San Francisco’s Next Big Move in Maintaining Housing Affordability: Nonprofits’ First Right to Purchase Multi-Family Rental Properties

Pending legislation introduced by San Francisco Supervisor Fewer would amend the City’s laws to give certain qualified non-profit organizations certified by the City (“Qualified Nonprofits”) the first right to purchase multi-family rental properties and certain vacant lots in San Francisco. 

Highlights are as follows:

  • The legislation applies to any residential building with at least three rental units or a vacant lot zoned for at least three units.
  • Sellers subject to the new law would be required to notify all Qualified Nonprofits of the intent to sell before putting a qualifying property on the market.  Qualified Nonprofits would have five days to respond, triggering an obligation for the seller to provide information about building tenants.  Qualified Nonprofits would then have an additional 25 days to make an offer to purchase the building.  The seller could reject an offer made, and if no Qualified Nonprofit makes an offer, or if the seller rejects any Qualified Nonprofit offers, the seller could offer the building to the general public.
  • If a seller is prepared to accept an offer from a buyer other than a Qualified Nonprofit, then it would be required to give all of the Qualified Nonprofits the right of first refusal on the same terms and conditions and Qualified Nonprofits would have five days to accept or reject that offer (or 30 days if the seller is responding to an unsolicited offer).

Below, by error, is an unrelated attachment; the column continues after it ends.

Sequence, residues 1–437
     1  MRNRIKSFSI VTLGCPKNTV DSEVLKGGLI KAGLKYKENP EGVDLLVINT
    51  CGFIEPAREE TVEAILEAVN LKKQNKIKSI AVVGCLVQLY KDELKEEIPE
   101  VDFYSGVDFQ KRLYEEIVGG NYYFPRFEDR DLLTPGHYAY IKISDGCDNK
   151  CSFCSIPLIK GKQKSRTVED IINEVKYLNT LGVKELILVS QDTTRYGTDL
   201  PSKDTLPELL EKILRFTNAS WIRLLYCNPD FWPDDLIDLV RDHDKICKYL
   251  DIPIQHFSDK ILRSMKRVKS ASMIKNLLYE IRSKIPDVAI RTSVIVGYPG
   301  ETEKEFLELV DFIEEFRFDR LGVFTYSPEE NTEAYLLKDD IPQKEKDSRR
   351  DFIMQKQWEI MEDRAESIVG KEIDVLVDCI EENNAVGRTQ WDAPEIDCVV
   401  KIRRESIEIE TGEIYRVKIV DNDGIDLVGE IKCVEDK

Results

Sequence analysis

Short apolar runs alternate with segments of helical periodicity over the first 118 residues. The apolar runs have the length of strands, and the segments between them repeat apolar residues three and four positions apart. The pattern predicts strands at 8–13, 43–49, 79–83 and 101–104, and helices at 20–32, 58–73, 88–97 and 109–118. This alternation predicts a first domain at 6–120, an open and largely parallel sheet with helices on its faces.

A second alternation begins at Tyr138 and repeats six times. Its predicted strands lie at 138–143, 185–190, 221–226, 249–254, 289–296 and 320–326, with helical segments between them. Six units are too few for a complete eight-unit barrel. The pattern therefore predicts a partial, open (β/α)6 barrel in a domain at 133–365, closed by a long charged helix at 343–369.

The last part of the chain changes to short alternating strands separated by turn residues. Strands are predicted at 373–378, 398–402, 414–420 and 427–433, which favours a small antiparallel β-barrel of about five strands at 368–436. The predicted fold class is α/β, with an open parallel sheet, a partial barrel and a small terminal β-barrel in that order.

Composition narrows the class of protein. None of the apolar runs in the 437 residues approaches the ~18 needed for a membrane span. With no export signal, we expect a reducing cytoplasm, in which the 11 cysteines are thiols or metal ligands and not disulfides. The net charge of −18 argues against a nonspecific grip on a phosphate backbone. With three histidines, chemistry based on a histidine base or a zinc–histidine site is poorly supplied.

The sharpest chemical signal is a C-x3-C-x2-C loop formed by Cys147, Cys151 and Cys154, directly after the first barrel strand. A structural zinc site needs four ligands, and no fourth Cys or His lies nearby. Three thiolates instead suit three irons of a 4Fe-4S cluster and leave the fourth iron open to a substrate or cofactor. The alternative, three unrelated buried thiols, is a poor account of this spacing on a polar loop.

• Qualified Nonprofits would have the right to institute a civil action against any non-compliant sellers, with the potential for damages as specified in the legislation.
  • The legislation includes protection for existing tenants.  It also requires that a property purchased by a Qualified Nonprofit remain rent restricted, meaning that the value of all rents paid in the building could not exceed 80 percent of Area Median Income (AMI) and the gross household income of new tenants could not exceed 120 percent of AMI.
  • Certain sales would be excluded, including but not limited to transfers made under a mortgage, deed of trust, or deed in lieu of foreclosure and transfers between certain family members.  Seller incentives are also contemplated, which could include a partial City transfer tax exemption, if ultimately adopted by the Board of Supervisors, and federal tax benefits, if available.